'The New York Times' Asked Men Whether They'd Sexually Harassed Anyone. Here's What They Said

The continuing saga of sexual harassment victims feeling able to speak out about their experiences has, in many ways, felt like an opening. Many people who felt silenced have now exercised their voices, with negative repercussions following for the perpetrators. However, a new New York Times survey of men asking about their workplace behavior reveals that there's still a ways to go before our society makes real progress towards eradicating workplace sexual harassment.

It comes down to the numbers: Out of the 615 men that The New York Times spoke to, about one-third said that they had done one of the things listed that could have been construed — or objectively qualified as — sexual harassment. The survey included 10 behaviors, ranging in seriousness from making dirty or potentially offensive jokes to attempting to coerce people into having sexual relations in exchange for professional growth, and then punishing them if they said no.

Nineteen percent of men admitted to making potentially offensive jokes — but the numbers were far lower for the more serious charges, like touching people without consent, continuing to push for a romantic relationship after a denial, or engaging in undesired sex talk.

Altogether, the survey reports that about 25 percent of men total had engaged in some sort of what it calls "gender harassment," meaning that sort of dirty joke sharing or unwanted sex talk that could bother people, but wouldn't be as serious as, for example, unwanted touch. Ten percent of men in the survey admitted to having engaged in at least one of the more serious sexual misbehaviors, like nonconsensual touching or pursuing women after already having heard a "no."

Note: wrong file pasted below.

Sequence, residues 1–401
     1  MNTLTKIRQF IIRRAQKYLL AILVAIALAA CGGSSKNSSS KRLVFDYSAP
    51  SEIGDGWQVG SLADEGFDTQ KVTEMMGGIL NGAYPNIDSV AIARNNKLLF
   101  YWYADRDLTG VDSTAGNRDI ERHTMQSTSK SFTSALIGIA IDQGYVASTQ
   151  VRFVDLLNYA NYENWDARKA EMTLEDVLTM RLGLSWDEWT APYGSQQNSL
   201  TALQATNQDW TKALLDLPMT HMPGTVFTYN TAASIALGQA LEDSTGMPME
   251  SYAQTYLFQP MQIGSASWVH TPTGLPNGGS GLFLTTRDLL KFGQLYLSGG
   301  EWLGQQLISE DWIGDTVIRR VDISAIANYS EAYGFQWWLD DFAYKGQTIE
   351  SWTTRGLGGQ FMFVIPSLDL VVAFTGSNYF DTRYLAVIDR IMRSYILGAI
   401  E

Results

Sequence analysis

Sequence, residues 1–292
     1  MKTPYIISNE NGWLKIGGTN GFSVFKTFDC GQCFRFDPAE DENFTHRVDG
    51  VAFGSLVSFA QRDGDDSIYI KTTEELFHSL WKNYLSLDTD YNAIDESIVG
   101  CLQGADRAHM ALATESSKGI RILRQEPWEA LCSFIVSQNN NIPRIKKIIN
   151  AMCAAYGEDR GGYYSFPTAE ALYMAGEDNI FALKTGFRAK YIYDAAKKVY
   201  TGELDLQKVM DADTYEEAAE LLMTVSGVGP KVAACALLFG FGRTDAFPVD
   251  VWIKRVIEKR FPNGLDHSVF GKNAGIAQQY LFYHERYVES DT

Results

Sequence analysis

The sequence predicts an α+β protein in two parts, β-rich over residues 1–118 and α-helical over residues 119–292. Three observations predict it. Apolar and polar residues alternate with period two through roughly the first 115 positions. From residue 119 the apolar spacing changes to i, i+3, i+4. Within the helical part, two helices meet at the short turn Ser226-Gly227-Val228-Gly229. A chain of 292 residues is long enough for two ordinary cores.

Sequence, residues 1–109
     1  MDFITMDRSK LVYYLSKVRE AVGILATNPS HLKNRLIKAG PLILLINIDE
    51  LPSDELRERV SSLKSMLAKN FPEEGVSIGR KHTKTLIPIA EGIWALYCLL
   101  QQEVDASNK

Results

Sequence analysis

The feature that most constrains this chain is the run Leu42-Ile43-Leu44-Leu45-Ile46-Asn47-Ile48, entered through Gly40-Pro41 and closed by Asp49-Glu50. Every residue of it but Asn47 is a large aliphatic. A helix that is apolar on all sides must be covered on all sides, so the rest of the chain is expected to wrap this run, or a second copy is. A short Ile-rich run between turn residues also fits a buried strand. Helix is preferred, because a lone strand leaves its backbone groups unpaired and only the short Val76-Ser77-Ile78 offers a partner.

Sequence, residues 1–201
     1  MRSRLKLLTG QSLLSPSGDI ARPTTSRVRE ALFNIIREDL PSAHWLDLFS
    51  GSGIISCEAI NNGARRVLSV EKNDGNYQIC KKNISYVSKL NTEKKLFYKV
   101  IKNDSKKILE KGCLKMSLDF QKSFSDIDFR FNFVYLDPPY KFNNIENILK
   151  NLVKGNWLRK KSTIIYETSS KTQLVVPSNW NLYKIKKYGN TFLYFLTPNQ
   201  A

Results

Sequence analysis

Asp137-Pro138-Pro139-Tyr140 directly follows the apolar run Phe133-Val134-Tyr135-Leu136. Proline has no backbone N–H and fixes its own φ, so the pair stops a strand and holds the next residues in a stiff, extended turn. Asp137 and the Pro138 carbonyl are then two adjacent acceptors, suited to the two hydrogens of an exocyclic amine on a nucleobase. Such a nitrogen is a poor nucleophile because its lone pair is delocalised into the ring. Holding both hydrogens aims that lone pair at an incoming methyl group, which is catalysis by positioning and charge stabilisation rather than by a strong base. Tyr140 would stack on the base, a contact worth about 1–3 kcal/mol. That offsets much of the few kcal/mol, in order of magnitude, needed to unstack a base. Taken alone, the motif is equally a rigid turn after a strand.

Even if you add those two together — which doesn't give an entirely accurate result, as there is some overlap between those two groups — that's still significantly lower than the percentage of women who claim to have experienced sexual harassment in the workplace. About half of all women fall in that group, a claim which has lately been backed up anecdotally by the flood of #MeToo messages on social media. In fact, 50 percent of women likely sounds pretty low to anyone who's been following the news for the past couple of months — and it's entirely possible that victims of sexual harassment would decide not to report it, both on surveys and in human resources offices.

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Those who engage in harassing behaviors, of course, are also likely to lie in surveys — even in surveys carried out online, like this one was. Taking that into account, the survey's authors note that it's surprising that this many men admitted to doing certain things in the knowledge that they were admitting to having sexually harassed their co-workers in some way. However, given the percentage of women who claim that they have been sexually harassed at the workplace in some way, we can assume that either some of the men surveyed knowingly lied about things that they had done, some men are repeat offenders, or some men engage in behaviors that they don't recognize as sexual harassment — or any combination of the three.

If nothing else, this survey is a start. There have been numerous studies on victims of sexual harassment and their experiences and on what forms sexual harassment takes, but the perpetrators of that harassment are a far less studied group. This moment of reckoning with the unfortunately ubiquitous issue of sexual harassment in the workplace offers the perfect opportunity to learn more about the people who create the issue, so hopefully this study will be followed with many more like it.